The people who do not know my old friend Professor Van Von Venn would consider him a stranger. Coincidentally, the people who do know him consider him even stranger.

I usually try to avoid the professor, but as I was walking down the street, I was preoccupied trying to remember the words of the "My Mother the Car" theme song. Deep in thought, it took me a few moments to realize that a bright, sunny day had suddenly become very dark. It was either the end of the world or the Volkswagen-sized Professor Von Venn was standing between me and the sun.

Just my luck! It was the professor.

It seems that he had spent the last six months in the research laboratory at Northeast South Dakota State College, which, oddly enough, is located in Wewanta, W.Va.

However, one of the researchers left Von Venn's cage unlocked and the professor escaped.

The professor explained that he had spent those six months trying to figure out how baby boomers survived their younger years without the advantages young people of today have.

It was a very hot day and the professor did provide quite a bit of shade, so I stuck around to listen to what he had to say.

"How did the kids of the '50s and '60s survive all those germs?" Von Venn ventured. "They were virtually defenseless against those invisible little buggers?

"The youths of today are sterile enough to perform surgery due to the many sanitizing products available. Just about anywhere they go, there is hand sanitizer and, if there isn't, the kids generally carry their own.

"A half-century or so ago, hand washing was done with soap and water, and only under the direct order of Mom or Dad. Generally, this occurred only at mealtimes.

"If a kid's hands were particularly dirty and grimy, there was usually only one option - Lava. This soap contained pumice and was capable of sanding the dirt off little hands."

Von Venn asked if he could continue and I washed my hands of the whole thing.

"Beverages and germs were two other disadvantages baby boomers did not realize at the time. Today's youngsters carry their own beverages - whether it's a bottle of water or a gallon of iced tea.

"Back then, it was a common practice for little guys to pool their money and buy soda by the quart. This would be shared by taking a swig or two, wiping off the mouth of the bottle and passing it on to the next kid.

"This would not have been sanitary even if the soda sharers had washed their lips with Lava before and after they drank.

"When baby boomers played games or just ran around haphazardly, there were not many thirst-quenching options. There was the aforementioned soda, water and an occasional glass of Kool-Aid.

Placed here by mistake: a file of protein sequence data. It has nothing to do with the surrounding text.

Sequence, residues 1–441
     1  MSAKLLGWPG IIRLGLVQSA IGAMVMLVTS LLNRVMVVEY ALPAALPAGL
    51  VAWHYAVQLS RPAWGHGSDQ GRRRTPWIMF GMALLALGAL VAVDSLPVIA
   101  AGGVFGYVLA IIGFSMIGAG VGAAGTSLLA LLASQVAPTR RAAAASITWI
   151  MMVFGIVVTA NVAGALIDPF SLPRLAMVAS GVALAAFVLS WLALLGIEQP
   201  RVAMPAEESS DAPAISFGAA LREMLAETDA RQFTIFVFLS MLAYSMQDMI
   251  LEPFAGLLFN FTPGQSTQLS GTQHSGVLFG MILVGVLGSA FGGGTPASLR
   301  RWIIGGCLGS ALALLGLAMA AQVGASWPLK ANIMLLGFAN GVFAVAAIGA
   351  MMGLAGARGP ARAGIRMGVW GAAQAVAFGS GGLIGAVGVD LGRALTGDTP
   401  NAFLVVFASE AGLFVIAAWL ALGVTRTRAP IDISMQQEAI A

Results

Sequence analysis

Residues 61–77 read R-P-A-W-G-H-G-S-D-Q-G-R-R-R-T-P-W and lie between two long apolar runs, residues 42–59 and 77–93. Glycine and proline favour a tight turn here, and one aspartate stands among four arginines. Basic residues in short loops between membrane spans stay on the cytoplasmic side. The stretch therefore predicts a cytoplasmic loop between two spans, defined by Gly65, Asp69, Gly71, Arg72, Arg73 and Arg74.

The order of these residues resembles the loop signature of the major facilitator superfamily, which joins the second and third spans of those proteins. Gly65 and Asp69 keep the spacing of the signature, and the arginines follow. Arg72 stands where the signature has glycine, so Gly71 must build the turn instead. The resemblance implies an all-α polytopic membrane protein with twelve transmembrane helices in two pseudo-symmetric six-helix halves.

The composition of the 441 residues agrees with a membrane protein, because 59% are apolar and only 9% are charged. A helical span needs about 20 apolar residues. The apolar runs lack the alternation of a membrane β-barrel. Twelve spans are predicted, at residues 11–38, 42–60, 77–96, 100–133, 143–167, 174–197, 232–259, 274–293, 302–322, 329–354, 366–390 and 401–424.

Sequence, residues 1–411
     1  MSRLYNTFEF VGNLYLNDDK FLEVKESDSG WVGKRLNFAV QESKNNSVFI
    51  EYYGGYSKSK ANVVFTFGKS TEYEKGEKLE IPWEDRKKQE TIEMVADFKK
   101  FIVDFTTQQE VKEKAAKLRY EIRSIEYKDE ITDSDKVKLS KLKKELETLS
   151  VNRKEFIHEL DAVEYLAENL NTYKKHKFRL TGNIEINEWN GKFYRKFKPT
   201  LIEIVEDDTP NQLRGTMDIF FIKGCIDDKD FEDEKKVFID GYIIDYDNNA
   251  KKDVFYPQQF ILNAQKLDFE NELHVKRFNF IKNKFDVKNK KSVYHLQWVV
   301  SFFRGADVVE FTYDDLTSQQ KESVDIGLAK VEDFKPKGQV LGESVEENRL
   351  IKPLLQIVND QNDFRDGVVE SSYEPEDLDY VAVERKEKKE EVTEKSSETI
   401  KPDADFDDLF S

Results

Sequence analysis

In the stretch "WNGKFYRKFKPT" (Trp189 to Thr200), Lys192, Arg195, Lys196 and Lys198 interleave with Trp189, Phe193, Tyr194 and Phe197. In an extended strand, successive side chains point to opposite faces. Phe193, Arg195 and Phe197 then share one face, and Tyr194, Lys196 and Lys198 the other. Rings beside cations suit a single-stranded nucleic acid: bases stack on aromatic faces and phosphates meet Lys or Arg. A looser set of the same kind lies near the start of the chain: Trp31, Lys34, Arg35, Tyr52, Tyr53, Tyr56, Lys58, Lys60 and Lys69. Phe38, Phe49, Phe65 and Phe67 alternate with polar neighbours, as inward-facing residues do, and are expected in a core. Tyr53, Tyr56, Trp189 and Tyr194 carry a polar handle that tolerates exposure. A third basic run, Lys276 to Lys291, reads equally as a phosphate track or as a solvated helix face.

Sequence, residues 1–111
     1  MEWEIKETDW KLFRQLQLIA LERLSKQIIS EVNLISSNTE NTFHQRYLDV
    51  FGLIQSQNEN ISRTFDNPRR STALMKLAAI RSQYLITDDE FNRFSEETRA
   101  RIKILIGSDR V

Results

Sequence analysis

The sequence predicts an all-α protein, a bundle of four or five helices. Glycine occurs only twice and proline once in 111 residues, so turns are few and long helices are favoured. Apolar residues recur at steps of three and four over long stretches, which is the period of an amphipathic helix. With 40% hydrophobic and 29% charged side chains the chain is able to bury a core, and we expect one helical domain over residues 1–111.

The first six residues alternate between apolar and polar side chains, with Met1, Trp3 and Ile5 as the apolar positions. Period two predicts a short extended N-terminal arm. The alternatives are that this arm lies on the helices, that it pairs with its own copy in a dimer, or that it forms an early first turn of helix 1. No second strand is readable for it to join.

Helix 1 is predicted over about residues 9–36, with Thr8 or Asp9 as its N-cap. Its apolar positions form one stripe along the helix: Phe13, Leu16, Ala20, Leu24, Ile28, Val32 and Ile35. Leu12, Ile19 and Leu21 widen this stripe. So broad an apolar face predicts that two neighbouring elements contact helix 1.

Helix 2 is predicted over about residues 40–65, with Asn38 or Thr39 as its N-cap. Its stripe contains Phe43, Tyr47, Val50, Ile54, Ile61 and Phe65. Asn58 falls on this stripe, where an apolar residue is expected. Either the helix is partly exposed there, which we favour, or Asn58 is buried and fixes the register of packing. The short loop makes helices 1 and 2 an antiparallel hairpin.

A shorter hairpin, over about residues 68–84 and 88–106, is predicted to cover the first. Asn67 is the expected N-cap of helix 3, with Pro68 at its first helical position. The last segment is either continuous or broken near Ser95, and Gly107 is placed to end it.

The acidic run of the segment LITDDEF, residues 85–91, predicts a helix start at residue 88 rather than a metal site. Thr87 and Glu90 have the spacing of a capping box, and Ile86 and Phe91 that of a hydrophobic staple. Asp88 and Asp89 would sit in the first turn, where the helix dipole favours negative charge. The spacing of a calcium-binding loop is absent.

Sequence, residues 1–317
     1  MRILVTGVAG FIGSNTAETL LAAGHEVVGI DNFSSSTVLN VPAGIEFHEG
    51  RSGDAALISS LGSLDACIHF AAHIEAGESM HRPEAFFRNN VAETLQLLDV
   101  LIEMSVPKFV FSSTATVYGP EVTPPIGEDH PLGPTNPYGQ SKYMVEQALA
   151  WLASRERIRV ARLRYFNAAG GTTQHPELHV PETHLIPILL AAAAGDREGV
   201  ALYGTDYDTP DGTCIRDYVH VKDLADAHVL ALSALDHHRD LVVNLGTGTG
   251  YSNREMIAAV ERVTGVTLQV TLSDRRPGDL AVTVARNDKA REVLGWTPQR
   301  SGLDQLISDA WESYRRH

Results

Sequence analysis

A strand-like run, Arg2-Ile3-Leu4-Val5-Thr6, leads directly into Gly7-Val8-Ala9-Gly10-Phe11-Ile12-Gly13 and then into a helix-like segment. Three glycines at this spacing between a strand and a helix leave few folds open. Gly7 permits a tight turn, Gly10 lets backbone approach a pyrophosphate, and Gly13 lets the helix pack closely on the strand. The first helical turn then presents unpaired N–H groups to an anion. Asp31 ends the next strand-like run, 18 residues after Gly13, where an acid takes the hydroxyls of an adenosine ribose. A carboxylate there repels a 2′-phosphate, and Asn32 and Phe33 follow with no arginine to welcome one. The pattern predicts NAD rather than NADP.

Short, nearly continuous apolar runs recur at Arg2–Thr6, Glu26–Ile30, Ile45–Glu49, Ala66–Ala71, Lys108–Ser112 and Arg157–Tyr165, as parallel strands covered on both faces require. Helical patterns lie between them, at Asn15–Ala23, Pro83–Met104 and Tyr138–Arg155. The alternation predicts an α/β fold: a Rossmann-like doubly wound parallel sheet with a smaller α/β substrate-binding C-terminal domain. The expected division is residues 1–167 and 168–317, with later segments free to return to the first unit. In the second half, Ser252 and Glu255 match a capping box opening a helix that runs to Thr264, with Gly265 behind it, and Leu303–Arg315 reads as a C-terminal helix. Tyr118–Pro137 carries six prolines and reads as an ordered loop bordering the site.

"Sports drinks and bottled water were still years away. If someone had mentioned 'Gatorade,' the kids would have thought it was a charity to help large reptiles in Florida swamps.

"Air conditioning is in just about every place today, but back then kids had to sweat their way through summer. Of course, so did everybody else.

"About the only places a kid could cool off were swimming pools, the frozen-food section of grocery stores and in soda coolers at local garages and grocery stores.

"There wasn't a soda machine on every corner as there is today. Most small towns had even fewer soda machines than they had traffic lights.

"Much more common then were old coolers in which ice was used to chill the soda bottles. Most store or garage owners took a dim view of finding kids floating among the sodas trying to keep cool.

"At night, kids and their parents stayed out on front porches as long as possible because they knew blast-furnace-type heat awaited them when they went upstairs to bed.

"If you were among the few kids with a fan in your room, all you got was recycled hot air - sort of like reruns of political speeches.

"Baby boomers also had much more limited communications options. Even if there had been portable telephones back then, they would have been so big that no kid would have been able to lift one.

"It's a wonder how kids were able to get by without having a phone and/or portable computer with them every moment of the day.

"There were only two ways youngsters could call a friend after leaving home. There was a primitive device known as a pay phone booth that has since become extinct.

"The other way was to go to the house of the kid you wanted to see and then yell as loudly as possible, 'Yo, Alphonsus! Yo, Alphonsus!'

"Baby boomers grew up without computers, texting, CDs, MP3s and DVDs. Back then, movie theaters had bigger screens than homes did.

"They also grew up without excessive fears about germs, concerns about the need for a constant intake of fluids, worries about keeping cool and the necessity of taking a phone with them.

"But the baby boomers frequently had something that is often missed by the kids of today with all of their technology - fun."

(Walt Kozlowski, a freelance writer from Mount Carmel, composes "Walt's Way" for each Sunday edition.)